Diuretic treatment of resistant hypertension.Br Med J 1980; 281 doi: https://doi.org/10.1136/bmj.281.6248.1101 (Published 25 October 1980) Cite this as: Br Med J 1980;281:1101
- L E Ramsay,
- J H Silas,
- S Freestone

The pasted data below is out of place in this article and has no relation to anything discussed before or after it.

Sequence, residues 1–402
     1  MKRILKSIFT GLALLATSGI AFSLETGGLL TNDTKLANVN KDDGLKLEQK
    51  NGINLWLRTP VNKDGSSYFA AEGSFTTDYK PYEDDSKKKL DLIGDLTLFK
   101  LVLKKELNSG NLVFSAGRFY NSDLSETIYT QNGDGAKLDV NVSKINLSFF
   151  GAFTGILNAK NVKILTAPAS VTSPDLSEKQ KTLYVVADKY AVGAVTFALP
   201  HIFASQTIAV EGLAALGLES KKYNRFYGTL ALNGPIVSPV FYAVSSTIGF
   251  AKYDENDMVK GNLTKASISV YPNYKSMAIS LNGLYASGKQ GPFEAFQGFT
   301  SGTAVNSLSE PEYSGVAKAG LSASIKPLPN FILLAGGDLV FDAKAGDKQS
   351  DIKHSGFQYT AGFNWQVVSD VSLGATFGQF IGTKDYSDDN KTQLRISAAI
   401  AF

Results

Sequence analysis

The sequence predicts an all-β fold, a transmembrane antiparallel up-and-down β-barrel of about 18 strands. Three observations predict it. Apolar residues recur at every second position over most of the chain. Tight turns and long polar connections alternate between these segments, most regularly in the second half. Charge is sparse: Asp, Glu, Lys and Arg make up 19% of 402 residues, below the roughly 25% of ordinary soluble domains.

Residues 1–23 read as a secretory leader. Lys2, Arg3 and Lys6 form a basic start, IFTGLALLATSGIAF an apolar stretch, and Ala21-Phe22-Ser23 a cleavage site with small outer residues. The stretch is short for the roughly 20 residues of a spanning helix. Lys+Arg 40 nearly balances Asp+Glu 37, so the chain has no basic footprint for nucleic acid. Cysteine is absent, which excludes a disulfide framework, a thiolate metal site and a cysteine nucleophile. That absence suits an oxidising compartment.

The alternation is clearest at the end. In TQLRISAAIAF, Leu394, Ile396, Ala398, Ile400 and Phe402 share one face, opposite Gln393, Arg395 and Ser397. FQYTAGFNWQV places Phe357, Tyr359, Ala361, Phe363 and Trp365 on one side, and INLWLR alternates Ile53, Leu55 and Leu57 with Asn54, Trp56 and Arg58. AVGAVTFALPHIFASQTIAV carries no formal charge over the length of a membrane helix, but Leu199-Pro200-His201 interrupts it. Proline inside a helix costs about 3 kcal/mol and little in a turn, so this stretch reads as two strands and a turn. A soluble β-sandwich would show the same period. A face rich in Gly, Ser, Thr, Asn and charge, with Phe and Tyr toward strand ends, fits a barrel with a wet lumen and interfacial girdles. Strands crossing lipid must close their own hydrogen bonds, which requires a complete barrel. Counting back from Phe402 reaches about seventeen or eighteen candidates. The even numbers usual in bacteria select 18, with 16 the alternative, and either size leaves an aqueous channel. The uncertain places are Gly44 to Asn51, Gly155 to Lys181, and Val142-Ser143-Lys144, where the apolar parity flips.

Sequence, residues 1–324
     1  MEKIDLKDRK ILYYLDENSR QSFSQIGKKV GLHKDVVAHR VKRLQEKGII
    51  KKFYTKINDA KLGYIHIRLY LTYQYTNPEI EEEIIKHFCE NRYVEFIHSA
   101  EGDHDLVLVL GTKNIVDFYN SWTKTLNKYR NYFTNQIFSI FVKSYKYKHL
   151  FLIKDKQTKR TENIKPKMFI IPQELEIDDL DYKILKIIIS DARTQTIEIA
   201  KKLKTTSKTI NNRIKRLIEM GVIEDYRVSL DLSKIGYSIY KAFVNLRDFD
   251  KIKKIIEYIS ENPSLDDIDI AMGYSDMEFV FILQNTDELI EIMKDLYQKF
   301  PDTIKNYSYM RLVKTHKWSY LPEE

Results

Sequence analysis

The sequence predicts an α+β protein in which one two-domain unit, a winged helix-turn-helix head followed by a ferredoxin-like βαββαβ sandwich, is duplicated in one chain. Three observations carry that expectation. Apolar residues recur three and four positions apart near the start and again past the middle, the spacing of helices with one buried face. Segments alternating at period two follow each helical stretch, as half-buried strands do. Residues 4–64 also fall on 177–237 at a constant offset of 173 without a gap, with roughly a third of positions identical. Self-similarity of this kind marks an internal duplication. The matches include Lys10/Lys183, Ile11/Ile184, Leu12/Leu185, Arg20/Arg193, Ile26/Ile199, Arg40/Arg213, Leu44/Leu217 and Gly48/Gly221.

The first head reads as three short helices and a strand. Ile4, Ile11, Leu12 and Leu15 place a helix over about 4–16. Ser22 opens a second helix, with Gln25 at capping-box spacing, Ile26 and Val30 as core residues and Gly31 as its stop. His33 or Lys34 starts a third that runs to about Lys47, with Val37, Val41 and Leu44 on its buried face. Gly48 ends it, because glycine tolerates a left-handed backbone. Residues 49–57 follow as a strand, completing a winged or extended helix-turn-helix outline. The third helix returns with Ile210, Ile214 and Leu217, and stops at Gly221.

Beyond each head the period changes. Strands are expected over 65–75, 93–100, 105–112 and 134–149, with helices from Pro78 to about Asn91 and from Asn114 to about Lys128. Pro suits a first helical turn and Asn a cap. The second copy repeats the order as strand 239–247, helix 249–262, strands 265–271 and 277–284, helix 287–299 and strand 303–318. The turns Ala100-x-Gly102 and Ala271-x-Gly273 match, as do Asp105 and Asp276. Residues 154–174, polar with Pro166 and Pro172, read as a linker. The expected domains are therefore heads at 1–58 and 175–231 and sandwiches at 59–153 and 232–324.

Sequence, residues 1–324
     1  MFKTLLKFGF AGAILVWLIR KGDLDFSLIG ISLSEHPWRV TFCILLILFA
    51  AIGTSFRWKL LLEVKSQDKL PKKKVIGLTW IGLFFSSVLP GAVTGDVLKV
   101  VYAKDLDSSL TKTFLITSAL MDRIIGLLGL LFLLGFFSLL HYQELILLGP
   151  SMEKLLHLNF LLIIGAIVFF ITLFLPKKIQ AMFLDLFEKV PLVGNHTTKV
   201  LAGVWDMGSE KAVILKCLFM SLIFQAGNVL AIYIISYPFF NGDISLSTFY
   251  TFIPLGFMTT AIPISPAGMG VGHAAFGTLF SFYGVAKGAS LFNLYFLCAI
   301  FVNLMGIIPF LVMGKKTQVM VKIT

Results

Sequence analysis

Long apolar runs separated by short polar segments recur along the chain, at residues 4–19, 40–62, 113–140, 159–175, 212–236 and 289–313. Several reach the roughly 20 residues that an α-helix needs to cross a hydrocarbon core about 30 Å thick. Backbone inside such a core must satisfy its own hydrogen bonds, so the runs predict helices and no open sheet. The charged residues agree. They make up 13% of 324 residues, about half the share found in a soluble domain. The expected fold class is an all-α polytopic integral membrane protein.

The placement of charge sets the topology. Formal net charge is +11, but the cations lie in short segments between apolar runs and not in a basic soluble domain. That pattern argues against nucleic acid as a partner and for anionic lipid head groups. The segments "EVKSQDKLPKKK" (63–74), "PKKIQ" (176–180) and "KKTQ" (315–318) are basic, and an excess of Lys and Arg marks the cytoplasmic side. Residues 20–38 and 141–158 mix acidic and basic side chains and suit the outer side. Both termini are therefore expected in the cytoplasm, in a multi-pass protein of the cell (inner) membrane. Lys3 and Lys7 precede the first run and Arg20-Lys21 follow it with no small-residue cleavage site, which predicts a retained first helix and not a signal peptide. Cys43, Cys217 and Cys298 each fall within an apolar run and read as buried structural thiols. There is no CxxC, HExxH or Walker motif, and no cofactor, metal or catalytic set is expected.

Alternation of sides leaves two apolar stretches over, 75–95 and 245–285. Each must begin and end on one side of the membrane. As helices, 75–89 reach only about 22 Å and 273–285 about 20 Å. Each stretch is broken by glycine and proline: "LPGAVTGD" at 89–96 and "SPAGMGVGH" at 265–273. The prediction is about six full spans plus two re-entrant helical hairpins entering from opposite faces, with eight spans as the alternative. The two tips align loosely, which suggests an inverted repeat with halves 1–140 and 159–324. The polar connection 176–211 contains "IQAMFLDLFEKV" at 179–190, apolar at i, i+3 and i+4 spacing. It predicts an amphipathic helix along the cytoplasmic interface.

In patients with hypertension resistant to three or four drugs including a thiazide diuretic substitution of frusemide for the thiazide, or the addition of spironolactone, produced significant reductions in blood pressure and body weight. The response did not depend on the presence of overt fluid retention, renal impairment, or the use of antihypertensive drugs of high potency. Women had larger responses than men. Expansion of the plasma or extracellular fluid volume is an important cause of resistance to treatment even when a thiazide diuretic is used. An increase in diuretic treatment should be tried before using the postganglionic adrenergic blockers or minoxidil in resistant hypertension.